An evaluation of movement abilities found no significant difference between groups.
Additional analyses indicated that, overall, fewer infants had significantly delayed mental development with high-DHA diets compared with standard DHA and that there were fewer girls with mild and significant mental delay in the high-DHA group relative to the standard-DHA group, but there were no differences among the boys.
“Infants ranged in gestational age from 23 to 33 weeks and, thus, had a range of nutritional stressors, organ immaturity, and [illnesses]. Despite this, the intervention was sufficiently robust to consistently elicit an improvement in the MDI scores of girls and may point the way for higher-dose interventions in future studies. Given the lack of an alternative therapy for cognitive delay in this group of infants and the apparent safety of the current dose of DHA, further studies are warranted,” the authors conclude.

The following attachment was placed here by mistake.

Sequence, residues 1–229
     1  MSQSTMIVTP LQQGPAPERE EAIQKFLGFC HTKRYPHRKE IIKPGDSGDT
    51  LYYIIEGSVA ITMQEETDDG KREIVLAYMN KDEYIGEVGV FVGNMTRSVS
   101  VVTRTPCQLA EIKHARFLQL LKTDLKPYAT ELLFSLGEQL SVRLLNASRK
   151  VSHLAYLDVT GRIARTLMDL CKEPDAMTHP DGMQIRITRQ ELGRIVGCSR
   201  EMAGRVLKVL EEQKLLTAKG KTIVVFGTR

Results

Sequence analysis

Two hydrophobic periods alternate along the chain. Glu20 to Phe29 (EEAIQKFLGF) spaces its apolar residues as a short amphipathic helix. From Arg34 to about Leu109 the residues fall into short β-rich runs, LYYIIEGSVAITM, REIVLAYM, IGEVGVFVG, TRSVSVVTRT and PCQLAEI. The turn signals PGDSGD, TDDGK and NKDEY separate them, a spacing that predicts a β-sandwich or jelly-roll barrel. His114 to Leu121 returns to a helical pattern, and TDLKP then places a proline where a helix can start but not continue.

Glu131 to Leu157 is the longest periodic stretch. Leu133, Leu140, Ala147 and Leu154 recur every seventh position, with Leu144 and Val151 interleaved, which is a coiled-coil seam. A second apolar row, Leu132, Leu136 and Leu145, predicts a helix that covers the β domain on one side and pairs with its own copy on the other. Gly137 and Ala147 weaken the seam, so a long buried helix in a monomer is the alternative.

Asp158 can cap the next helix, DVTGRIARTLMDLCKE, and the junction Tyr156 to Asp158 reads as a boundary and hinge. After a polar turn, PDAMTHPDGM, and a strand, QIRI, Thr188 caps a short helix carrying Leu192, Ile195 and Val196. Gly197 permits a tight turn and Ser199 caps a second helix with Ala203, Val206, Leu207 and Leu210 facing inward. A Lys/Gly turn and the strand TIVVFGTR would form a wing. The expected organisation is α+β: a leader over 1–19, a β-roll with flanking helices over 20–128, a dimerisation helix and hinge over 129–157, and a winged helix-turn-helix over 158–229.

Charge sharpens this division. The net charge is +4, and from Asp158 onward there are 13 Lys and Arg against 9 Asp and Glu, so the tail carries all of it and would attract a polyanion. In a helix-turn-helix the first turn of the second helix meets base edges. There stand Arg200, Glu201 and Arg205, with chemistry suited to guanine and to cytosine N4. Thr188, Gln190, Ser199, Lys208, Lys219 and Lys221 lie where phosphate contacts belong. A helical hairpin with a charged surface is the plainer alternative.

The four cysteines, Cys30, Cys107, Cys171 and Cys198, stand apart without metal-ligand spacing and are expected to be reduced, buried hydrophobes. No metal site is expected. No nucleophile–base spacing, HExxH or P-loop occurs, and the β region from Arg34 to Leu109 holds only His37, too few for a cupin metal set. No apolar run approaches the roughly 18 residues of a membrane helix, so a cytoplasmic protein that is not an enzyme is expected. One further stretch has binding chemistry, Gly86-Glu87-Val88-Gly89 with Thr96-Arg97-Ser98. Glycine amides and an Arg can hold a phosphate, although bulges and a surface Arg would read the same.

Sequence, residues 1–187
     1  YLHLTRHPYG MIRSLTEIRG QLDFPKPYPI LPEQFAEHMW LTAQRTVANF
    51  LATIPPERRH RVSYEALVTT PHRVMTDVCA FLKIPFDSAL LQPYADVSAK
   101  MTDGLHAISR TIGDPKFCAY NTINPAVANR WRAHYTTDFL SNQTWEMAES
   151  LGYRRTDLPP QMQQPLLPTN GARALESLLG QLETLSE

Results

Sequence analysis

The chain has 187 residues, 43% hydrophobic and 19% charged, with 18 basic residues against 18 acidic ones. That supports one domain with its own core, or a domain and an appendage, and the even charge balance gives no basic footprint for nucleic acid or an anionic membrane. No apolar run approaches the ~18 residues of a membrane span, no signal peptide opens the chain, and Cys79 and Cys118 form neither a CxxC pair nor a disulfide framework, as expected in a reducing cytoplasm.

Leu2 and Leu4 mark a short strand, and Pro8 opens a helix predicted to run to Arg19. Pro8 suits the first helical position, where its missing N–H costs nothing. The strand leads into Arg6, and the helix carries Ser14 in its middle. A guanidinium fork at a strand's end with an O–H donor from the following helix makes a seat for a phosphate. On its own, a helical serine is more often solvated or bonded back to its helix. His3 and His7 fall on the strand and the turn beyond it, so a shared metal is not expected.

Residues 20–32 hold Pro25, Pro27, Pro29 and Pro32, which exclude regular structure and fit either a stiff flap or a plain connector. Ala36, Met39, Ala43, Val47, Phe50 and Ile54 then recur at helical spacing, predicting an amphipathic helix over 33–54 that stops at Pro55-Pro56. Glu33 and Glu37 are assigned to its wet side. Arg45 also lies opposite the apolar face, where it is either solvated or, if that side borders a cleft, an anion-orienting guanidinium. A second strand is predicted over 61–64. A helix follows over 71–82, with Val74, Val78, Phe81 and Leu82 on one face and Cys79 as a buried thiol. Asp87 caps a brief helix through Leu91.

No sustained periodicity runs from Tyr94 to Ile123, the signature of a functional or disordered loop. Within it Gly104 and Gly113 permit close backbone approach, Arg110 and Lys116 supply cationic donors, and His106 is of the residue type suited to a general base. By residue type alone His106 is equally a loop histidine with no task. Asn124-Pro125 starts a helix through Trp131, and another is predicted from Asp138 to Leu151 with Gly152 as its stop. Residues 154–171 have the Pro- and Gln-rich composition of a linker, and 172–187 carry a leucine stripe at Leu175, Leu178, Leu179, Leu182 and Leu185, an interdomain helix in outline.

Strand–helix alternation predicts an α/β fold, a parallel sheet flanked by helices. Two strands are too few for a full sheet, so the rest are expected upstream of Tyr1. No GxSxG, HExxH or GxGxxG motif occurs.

According to a study by Australian researchers premature babies who were given high doses of omega-3 fatty acid were less likely to have developmental delays - but this only applied to baby girls. Premature babies are often born before their brains have fully developed and some are thought to have inadequate DHA while their
Full Post: Fish oil helps premmie baby girls avoid learning disabilities
Adelaide researchers have made a world breakthrough in treating premature babies at risk of developmental disorders. A six-year study led by Dr Maria Makrides from the Women’s and Children’s Health Research Institute and Professor Bob Gibson from the University of Adelaide has demonstrated that high doses of fatty acids administered to pre-term infants via their